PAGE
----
What precipitated this blog is the newest backup of my photo files. I was using a couple of older jump drives and decided I needed to get one single stick with enough capacity for all of it. 

Holy cow...

I have almost 11,000 files on the hard drive. That translated to about 44 GB of pictures. Apparently, the man of the manor is correct. I really do keep everything. 

But then, so did Pop.

The Lady of Holly Tree Manor

February 19, 2021

Downed trees supply firewood

In all the years we've lived at Holly Tree Manor, we've only bought firewood once. That was strictly a thing of convenience, not lack of resources. We wanted to allow what we had split from on the manor to season for another year. 

We rarely even need to cut down a living tree just for firewood. Enough large limbs come down to allow us to build our woodpile throughout the year. During the summer, we keep an eye out for trees that have naturally died and those we harvest. 

A couple of summers ago, a large cherry tree uprooted and crashed to the ground in the middle of a dark and windy night. We'd been watching it, thinking perhaps it wasn't in the best of shape and sure enough - BOOM! This year, it will meet with my Stihl 192.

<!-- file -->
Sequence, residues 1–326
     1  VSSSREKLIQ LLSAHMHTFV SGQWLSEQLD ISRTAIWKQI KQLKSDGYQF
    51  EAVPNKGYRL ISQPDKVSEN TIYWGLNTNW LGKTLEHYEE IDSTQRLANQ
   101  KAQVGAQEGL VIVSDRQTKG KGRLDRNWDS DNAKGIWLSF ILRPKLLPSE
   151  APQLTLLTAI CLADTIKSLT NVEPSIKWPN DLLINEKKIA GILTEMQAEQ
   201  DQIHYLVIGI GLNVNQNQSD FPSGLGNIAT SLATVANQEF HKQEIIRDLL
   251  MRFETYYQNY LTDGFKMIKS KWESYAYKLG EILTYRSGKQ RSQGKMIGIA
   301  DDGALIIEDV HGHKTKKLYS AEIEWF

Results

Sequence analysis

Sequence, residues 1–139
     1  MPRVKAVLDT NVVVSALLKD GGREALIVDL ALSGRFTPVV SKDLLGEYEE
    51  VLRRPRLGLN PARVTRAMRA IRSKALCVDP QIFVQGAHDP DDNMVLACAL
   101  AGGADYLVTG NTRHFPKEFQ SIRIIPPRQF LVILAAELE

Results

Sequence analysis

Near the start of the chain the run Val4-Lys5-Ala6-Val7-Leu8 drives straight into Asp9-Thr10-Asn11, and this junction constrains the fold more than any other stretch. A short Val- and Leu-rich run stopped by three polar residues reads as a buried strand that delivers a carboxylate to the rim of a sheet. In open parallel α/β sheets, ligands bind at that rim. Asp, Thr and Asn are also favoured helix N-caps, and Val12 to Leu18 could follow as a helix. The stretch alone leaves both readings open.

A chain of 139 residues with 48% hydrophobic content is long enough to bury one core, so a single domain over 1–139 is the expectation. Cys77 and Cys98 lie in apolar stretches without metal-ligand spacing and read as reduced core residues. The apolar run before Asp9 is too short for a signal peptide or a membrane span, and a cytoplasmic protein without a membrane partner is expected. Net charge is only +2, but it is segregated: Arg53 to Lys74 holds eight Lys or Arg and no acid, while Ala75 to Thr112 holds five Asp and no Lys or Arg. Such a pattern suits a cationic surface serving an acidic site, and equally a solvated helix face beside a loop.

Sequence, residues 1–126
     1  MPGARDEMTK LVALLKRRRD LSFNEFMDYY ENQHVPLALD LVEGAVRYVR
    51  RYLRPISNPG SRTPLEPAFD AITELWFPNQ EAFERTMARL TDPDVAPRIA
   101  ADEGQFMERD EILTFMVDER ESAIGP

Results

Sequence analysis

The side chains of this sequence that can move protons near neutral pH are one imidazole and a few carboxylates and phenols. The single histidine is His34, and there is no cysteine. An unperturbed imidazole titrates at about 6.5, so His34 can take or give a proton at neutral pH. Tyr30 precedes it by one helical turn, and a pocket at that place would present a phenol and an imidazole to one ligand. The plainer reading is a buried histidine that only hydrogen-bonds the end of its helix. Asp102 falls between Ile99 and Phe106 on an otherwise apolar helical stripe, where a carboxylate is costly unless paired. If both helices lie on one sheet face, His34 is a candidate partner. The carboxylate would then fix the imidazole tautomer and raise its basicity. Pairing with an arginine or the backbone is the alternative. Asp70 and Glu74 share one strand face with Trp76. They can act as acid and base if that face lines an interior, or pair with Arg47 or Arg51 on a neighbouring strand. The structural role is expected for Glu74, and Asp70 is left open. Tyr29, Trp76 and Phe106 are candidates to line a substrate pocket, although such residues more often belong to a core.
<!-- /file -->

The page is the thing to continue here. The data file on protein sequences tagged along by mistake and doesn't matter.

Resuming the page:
I've mentioned this downed tree before when one of the local bucks used it as a rub. The scars are still on the trunk but it's more difficult to tell what caused them than when the rub was fresh. 

Depending on how dry the wood is, we'll either stack the rounds to continue to dry, or go ahead and split it. Performing this task in the summer, I'd prefer to stack the rounds and wait for cooler weather to do the splitting. The optimal thing would be to leave the tree where it is until next fall, but we really need to be able to do some weed control in that area. The green briars look to be gaining on us. 

And If you think we should simply allow this huge tree to decompose, I have a caution for you. Termites like decaying wood. Would you coax them to come in close to your house? I thought not.

This land has been providing for my family for over one-hundred years now. I'm very blessed to be its steward. I hope those who come after me will do the same. 

The Lady of Holly Tree Manor

There's video of our young buck here.


February 16, 2021

Can you read? KEEP LEFT!

Once again my faith in our education system has been validated.